Appeals and Administrative Review Simplified.

We can help you with your immigration appeal or Administrative Review process. Here we tell you how

  • What is an immigration appeal?

    Where the Home Office refuses an immigration application, sometimes there is a right of appeal against this decision to the First Tier Tribunal (Immigration and Asylum Chamber).

    This appeal would be heard by an independent judge at a hearing usually attended by a Home Office Presenting Officer and you and/or your lawyer (if you are represented).

    The judge would usually make findings on the evidence they had heard and give their decisions in writing.

    If the judge finds in your favour, and the Home Office does not appeal to the Upper Tribunal, the original Home Office decision will usually be reversed

  • How would I know if I have a right of appeal to the tribunal?

    The most straightforward way of discovering whether there is a right of appeal against a Home Office refusal is by reading the decision letter/email or notice of decision provided by the Home Office.

    For example, in a decision to refuse entry clearance as a partner, the wording might look something like this:

    In a decision to refuse a partner application from within the UK, the wording in the decision letter might look something like this:

    The general position is that if a person has made a "human rights claim" and this has been refused, then there would usually be a tribunal right of appeal against this.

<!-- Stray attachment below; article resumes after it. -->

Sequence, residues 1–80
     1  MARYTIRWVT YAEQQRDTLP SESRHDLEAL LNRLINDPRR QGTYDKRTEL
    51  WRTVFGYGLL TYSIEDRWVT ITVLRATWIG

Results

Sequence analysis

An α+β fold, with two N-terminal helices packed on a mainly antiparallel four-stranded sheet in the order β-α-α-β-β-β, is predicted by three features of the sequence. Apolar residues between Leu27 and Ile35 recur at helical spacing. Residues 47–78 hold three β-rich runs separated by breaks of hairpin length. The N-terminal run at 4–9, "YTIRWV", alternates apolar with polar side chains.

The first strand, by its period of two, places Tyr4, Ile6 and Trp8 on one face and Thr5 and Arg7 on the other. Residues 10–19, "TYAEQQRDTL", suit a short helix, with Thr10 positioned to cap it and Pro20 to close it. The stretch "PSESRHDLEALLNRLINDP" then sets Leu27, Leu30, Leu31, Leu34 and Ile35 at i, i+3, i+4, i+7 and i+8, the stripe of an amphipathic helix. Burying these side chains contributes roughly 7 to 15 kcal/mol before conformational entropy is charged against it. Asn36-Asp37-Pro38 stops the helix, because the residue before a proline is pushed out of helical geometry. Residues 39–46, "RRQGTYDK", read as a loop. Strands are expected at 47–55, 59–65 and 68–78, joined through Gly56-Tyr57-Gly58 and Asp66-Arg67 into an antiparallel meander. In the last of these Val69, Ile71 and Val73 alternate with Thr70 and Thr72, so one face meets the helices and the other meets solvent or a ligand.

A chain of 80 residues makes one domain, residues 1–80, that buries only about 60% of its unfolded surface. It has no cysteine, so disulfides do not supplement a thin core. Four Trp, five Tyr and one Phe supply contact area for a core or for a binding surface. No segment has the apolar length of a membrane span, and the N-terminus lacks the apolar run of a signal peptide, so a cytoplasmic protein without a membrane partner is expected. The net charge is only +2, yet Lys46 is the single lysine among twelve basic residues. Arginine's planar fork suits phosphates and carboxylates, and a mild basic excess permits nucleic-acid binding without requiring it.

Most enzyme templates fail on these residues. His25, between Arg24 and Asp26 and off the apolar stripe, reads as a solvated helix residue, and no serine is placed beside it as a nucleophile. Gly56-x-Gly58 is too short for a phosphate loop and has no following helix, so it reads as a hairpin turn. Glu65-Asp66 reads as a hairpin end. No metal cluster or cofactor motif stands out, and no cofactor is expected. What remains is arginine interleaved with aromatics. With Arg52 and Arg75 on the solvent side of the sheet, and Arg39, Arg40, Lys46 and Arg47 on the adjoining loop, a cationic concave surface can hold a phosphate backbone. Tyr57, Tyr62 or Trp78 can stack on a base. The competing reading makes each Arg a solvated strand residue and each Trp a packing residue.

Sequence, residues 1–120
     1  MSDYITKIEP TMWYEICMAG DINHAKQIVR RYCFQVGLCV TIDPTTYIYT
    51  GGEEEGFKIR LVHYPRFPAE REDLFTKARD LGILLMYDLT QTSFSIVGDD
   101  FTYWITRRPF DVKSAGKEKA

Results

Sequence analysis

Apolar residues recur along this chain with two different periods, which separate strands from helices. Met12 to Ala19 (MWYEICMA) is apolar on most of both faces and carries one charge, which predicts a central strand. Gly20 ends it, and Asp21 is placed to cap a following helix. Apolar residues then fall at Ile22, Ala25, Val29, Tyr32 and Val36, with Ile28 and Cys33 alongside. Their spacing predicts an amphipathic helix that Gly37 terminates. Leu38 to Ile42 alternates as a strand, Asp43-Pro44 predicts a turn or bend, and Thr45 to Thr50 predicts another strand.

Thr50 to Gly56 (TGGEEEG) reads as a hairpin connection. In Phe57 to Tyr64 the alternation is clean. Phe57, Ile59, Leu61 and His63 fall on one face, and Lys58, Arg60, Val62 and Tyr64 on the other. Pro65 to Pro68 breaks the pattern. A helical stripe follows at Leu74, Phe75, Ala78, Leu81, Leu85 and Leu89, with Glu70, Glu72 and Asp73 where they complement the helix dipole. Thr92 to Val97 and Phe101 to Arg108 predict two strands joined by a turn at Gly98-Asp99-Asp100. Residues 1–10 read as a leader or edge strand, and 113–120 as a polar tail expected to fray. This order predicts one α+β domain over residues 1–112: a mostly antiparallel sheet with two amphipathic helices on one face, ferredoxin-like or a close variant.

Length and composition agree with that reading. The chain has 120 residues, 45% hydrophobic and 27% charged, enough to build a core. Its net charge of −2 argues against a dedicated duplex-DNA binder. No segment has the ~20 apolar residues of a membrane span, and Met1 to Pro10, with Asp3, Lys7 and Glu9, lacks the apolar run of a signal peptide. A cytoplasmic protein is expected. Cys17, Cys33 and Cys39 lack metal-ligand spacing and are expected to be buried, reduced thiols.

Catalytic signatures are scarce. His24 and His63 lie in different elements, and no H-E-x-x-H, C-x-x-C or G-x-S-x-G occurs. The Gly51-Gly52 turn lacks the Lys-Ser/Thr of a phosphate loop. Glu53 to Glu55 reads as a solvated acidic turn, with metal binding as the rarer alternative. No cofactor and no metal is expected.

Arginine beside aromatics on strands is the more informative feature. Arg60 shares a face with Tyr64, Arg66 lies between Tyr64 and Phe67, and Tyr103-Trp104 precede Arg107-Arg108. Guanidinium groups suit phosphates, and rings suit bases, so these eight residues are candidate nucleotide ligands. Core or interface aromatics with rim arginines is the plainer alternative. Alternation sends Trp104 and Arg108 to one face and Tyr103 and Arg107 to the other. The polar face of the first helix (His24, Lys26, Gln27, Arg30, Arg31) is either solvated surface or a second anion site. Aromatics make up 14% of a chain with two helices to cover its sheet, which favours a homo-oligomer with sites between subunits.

Note that a wide range of visa applications are considered by the Home Office to constitute making a "human rights claim".

    For example, when a person makes a partner visa application, they are technically making a "human rights claim", and therefore have a right of appeal against any refusal (as per the two examples provided above.

    Home Office rights of appeal guidance is here.

  • Is a tribunal appeal the same as Administrative Review?

    Administrative Review is very different from a tribunal appeal, and is essentially an internal Home Office process conducted on the basis of the papers provided (i.e. without a hearing), and without an impartial judge.

    At the time of writing (January 2024), Administrative Reviews are also taking a very long to be processed (1-2 years+).

  • Do I need a lawyer to help me with my appeal?

    Many people undertake many immigration processes - successfully - without a lawyer.

    However, the appeal process is one area where we would usually suggest that legal representation or advice would be recommended.

    (And for some context, you will see where we answer this question in respect of our other services, we don't generally suggest that having a lawyer is really necessary unless you want one or there is some area of complexity in your case.)

    It is of course possible to represent yourself in an appeal, and the tribunal system is designed partially with self-represented people in mind, with relaxed rules regarding evidence etc.

    But building and representing a winning appeal - even in straightforward cases - will usually require quite a developed understanding of the relevant law, knowledge of what evidence will be required to make your case, an ability to navigate the tribunal rules and procedure etc.

    So we would usually suggest getting advice from an experienced tribunal litigator, even if it's just to assess the merits of the appeal at the outset and provide guidance on what kind of preparation might be required

  • How much does it cost to appeal a decision?

    At the time of writing (March 2024), the tribunal charges £140 to hear an appeal.

    Usually, the main cost in appealing a decision is hiring legal representation, but other significant costs can include expert reports, such as medical reports.

  • How long do I have to appeal the decision?

    This will depend on whether you will be appealing from within or outside the UK.

    Generally, if you are in the UK, you will have 14 days to appeal from the date the decision was sent.